Our study of translation involved collaboration and negotiation with various scholars, designers, and community members. By highlighting not only the products but also our processes of creating data visualizations and engaging in visual methods, we sought to present not just visuals, but voices that articulated our processes for a collaborative, community-driven approach to data visualization in writing studies and technical communication.

Because data visualizations have the potential to simplify and abstract data, we saw multiple opportunities to expand our visualizations through participant narratives and experiences. In this section, we share some of those experiences and our ongoing considerations for ethical attribution and representation in data visualization.

When sketching and modeling moments of translation, we learned that in addition to the visible acts of translation (language transformation, designing, editing), just as much intellectual and cultural work was occurring in the pause—the moments where translators were visualizing as an interpretive act, relying on an index of their cultural knowledge and experiences to make decisions about language transformation. Our challenge as researchers was not only to visualize the translation processes that our participants engaged in through digital and material modalities like word-processed documents and digital files, but to also find ways of visualizing the interpretive processes that translators experienced as they completed this work. However, through our collaborations with our participants, as we discussed the translation strategies of "repeating" and "storytelling" that translators used during translation moments, we learned that as translators make decisions in these instances of language transformation, they also frequently relive previous experiences. Our challenge in visualizing translation processes, then, is not only to reach accurate presentations and representations of a cultural practice but to also ensure that we were treating our data carefully and ethically.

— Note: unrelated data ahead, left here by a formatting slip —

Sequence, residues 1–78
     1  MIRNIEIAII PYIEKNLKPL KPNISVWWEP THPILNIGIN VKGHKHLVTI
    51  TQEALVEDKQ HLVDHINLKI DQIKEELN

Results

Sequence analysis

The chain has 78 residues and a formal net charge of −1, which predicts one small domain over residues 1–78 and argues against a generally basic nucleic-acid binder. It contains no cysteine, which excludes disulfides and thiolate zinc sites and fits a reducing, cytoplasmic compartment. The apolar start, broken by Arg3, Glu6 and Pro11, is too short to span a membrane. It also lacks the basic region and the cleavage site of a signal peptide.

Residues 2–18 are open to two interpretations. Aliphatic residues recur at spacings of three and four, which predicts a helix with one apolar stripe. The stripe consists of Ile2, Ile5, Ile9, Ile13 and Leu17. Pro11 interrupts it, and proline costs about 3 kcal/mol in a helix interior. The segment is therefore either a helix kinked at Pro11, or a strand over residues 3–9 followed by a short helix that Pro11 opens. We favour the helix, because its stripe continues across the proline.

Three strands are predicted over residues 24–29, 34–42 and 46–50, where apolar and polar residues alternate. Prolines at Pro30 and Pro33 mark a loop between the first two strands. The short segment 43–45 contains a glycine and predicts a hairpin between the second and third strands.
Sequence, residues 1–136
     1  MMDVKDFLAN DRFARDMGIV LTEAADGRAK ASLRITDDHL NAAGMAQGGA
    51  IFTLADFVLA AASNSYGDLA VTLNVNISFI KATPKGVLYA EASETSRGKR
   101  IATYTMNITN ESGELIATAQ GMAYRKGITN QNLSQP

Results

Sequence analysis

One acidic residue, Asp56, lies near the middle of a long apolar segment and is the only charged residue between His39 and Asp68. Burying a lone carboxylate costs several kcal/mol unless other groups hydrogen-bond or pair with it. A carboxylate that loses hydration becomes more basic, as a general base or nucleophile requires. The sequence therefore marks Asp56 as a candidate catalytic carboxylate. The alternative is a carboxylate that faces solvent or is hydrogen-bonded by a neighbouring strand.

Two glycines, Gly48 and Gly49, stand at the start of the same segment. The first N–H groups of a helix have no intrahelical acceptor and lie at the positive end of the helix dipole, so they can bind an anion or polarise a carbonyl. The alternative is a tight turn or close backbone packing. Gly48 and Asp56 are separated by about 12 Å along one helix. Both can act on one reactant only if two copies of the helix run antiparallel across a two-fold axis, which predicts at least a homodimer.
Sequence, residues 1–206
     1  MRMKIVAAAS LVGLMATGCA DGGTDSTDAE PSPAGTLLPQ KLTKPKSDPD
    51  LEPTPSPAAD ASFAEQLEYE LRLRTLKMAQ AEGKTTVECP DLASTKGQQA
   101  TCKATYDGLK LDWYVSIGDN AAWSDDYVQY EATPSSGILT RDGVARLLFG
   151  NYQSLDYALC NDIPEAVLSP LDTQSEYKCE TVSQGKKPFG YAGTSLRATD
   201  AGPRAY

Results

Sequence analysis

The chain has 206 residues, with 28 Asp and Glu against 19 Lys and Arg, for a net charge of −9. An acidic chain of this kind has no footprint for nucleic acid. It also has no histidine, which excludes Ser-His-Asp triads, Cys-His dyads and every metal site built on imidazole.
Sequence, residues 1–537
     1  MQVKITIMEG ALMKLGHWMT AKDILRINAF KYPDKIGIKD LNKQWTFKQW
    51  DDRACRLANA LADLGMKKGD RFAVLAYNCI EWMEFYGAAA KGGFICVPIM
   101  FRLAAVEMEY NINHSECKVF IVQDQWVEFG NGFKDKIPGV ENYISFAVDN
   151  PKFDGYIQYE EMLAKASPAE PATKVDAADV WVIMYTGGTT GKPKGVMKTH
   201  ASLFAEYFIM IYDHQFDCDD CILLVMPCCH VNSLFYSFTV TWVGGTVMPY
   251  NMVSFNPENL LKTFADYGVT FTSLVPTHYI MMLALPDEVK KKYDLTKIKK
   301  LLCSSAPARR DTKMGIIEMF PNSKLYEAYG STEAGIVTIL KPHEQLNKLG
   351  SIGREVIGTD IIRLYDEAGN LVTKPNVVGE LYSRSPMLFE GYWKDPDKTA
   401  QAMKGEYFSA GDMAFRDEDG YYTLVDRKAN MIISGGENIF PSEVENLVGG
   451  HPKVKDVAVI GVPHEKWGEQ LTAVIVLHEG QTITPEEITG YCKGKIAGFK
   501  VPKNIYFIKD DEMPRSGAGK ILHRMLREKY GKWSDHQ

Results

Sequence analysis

For instance, if a translator is trying to decide whether a word "sounds right" in a specific sentence, she may repeat the word over and over again, indexing her cultural knowledge and experiences in order to recall how that word has been used in previous instances within her life. Often, these efforts to visualize previous conversations in order to decide on a translation may be relatively harmless, but sometimes, these memory triggers can also result in translators' having to relive their own experiences and struggles. While our visualizations of translation activities made space for translators to adapt our designs to better reflect their own processes (e.g., by selecting and de-selecting specific portions of our translation moments figure), more developments in data visualization and translation are needed to prevent unintentional triggers from impacting translators as they encounter visualizations of their practices in published work.